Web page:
Juvenilia

On this first full day of summer, a myriad of call notes rang across the Arboretum as I walked in the early morning sunshine, but regardless of pitch or intensity, all were demanding the same thing: feed me. A young tree swallow poked its head out of the nestbox, blinking in the sunlight, its yellow gape gleaming. The parent stuffed an insect in its mouth, flew away. The youngster remained in place. What about its siblings? I wondered….or is this the one that will be successfully raised, out-manoeuvring and out-competing its nest-mates?

On the dead branches of a fallen tree nearly a dozen young red-winged blackbirds congregated, calling, their newly-fledged feathers of browns and fawn crisp and shining – unlike the ragged adults that paid little attention to them. Feed yourselves, the adults seemed to be indicating: we’re tired. A short-tailed field sparrow juvenile followed its parent from branch to branch of another tree, cheeping; it received a bit more attention, but again – and I know I’m anthromorphizing – the adult seemed harried and irritated by its offspring.

The bluebird pair did not nest successfully; I last saw them carrying food about three weeks ago, but now both adults loaf around, not approaching the nest box, and there are no juveniles to be seen. The completion for the nest boxes is intense: the tree swallows have claimed most of them, but I’ve seen house wrens at a couple as well. House wrens do well here: at least four were singing today, perched high on trees and bushes.

A young male Baltimore oriole landed on the path ahead of me. Almost in full plumage, this wasn’t this year’s young, but a ‘yearling’ bird, immature, rather than juvenile. Was it raised in the tree fifty meters away from where it landed, where a nest from last year was visible before the foliage obscured it, or is it simply here coincidentally? A male sings from nearby: a pair has nested here again, although I can’t be sure it’s in the same tree. This is perfect habitat for them: open but scattered with tall deciduous trees, plus a small stream with lots of cover.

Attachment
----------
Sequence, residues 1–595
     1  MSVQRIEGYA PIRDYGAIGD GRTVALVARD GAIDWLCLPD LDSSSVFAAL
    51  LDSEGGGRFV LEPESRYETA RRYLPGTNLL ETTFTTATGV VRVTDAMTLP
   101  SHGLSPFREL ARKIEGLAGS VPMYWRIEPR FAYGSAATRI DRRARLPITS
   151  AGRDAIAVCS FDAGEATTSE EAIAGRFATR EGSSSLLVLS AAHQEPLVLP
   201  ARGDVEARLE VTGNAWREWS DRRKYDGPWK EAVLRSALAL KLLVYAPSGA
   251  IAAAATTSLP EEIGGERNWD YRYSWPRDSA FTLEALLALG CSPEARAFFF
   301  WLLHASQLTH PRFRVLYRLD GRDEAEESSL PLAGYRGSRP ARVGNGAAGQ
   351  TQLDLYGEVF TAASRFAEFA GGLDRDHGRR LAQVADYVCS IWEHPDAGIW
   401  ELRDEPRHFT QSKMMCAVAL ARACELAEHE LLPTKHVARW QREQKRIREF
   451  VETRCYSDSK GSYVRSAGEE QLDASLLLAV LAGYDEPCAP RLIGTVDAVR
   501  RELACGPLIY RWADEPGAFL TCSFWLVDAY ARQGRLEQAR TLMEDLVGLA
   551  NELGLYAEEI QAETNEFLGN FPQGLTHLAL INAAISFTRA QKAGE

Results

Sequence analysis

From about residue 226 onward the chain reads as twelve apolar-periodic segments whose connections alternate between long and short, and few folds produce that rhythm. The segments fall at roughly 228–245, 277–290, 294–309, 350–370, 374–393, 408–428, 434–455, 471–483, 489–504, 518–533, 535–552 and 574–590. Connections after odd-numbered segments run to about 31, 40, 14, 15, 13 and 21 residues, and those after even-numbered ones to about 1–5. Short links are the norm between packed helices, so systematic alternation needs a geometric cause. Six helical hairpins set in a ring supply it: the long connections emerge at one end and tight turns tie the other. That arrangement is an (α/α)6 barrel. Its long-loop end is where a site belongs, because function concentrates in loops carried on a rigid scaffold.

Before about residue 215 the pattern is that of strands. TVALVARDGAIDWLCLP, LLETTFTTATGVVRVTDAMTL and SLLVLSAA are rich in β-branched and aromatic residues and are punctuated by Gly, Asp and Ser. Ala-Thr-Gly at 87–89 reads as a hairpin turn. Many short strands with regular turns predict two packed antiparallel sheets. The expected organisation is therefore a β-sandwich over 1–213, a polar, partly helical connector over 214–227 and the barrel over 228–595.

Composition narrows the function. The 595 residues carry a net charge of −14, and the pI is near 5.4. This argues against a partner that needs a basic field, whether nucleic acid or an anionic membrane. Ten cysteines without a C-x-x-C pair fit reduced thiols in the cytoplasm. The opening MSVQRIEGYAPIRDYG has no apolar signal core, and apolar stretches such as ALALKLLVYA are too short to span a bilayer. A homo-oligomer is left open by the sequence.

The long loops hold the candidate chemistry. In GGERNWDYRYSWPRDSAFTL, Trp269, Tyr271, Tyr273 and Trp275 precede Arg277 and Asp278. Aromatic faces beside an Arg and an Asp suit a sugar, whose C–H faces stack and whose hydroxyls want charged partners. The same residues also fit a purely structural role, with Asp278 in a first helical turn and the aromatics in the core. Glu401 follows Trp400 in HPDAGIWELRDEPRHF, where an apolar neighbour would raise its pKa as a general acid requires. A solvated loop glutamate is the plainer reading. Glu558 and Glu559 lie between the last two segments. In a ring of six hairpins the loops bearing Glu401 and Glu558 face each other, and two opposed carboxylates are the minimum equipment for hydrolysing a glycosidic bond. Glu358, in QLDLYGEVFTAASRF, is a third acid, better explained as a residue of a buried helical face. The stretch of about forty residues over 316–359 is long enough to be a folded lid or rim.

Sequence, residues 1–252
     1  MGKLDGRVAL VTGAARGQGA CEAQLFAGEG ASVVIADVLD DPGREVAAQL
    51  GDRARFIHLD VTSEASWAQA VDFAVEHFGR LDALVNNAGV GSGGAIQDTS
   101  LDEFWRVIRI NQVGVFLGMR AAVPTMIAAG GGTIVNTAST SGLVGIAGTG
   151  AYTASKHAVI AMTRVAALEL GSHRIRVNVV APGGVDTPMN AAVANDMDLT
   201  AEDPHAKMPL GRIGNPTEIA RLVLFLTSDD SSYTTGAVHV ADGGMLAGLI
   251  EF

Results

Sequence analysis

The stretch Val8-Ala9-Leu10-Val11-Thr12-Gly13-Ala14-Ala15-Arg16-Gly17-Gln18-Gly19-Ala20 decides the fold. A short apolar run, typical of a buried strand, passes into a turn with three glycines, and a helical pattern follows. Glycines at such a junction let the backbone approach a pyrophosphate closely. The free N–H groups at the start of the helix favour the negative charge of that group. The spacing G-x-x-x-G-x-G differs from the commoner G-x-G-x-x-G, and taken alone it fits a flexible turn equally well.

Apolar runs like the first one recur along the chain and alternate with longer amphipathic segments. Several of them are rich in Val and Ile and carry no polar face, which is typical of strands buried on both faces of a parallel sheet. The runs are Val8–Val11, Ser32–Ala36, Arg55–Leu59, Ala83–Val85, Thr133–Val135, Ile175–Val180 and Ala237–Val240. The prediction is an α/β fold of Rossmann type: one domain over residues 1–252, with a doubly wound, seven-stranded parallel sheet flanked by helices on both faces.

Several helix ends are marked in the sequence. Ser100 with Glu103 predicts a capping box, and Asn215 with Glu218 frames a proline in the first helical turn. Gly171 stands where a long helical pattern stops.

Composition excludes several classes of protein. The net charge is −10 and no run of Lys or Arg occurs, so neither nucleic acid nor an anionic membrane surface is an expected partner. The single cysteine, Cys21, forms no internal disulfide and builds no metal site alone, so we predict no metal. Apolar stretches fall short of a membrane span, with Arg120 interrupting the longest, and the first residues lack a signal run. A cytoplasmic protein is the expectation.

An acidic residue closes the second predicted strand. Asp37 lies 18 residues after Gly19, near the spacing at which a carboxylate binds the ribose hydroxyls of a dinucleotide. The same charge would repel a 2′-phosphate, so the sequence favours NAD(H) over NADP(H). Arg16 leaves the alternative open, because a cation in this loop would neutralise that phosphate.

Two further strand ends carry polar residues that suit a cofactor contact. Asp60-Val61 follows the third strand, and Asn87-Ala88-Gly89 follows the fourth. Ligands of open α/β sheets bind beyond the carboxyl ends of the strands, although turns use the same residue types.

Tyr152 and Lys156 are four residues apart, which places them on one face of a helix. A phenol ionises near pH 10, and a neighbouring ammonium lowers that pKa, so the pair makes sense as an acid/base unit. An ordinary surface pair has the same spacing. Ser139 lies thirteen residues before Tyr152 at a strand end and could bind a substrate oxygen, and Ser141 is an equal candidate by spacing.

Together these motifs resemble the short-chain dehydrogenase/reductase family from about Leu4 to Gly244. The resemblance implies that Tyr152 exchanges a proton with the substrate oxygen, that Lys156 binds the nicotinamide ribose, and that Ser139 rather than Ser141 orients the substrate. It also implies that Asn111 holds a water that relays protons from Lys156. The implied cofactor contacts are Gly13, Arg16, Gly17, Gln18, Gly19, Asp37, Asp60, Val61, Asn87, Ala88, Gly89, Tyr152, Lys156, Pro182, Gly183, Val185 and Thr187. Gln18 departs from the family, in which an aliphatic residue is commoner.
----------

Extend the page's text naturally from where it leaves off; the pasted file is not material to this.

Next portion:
On the grassy hill meadowlarks stand on posts, singing; or rather, one – the male – is singing, one has a dragonfly in her beak. I watch her as she disappears into the grasses, to the nest hidden somewhere on the ground under the swaying stems. The eastern meadowlark was the first bird I independently identified as a child. I was ten, or so, and I had seen the picture in my How and Why Wonder Book of Birds. I still remember seeing this bird, flying up from the grassy edges of the tomato field behind our house, with the black V standing out against its yellow breast, and thinking ‘that’s a meadowlark! I’ve seen a meadowlark!‘. They still remain, in a certain way, my bird, each sighting holding a faint echo of that initial thrill of discovery.

I walk along the path towards Victoria Woods. A family of American redstarts follow their mother along a branch, begging. In the dark, still woods I look up at the Cooper’s hawk nest. A couple of weeks ago, I watched a fluffy grey nestling walk along the rim of the nest, looking prehistoric: today the nest looks deserted, and off-kilter among its supporting branches, as if it has shifted. Flies hover and dart among the loose-woven branches. It’s just possible, I calculate, that the nestling has fledged and left the nest, but its disarray bothers me. Storm-wracked, or predated? Did a great horned owl find the nest, take the young? Or did the last thunderstorm with its high winds shift the nest? A raccoon sprawled over a branch nearby, sleeping in the morning’s warmth: not likely the culprit, given the size of the nestling, although it would have gladly eaten either the eggs or a smaller chick.

The last juveniles of my walk were the most common: young, spotted American robins, foraging in the leaf litter under the trees as I approached my bicycle, parked at the entrance to the Arboretum paths. I could hear a red-eyed vireo singing from Wild Goose Woods as I prepared to leave, adjusting my helmet; it too will have young it’s feeding, high in the trees, hidden by the foliage. I could go look, but I suspect I’d just end up with a case of ‘birder’s neck’ and a dozen mosquito bites for my trouble. I leave the woods to the birds, and bike home.

 

Eastern Meadowlark photograph by Dominic Sherony (originally posted to Flickr as Eastern Meadowlark) [CC BY-SA 2.0 (http://creativecommons.org/licenses/by-sa/2.0)%5D, via Wikimedia Commons

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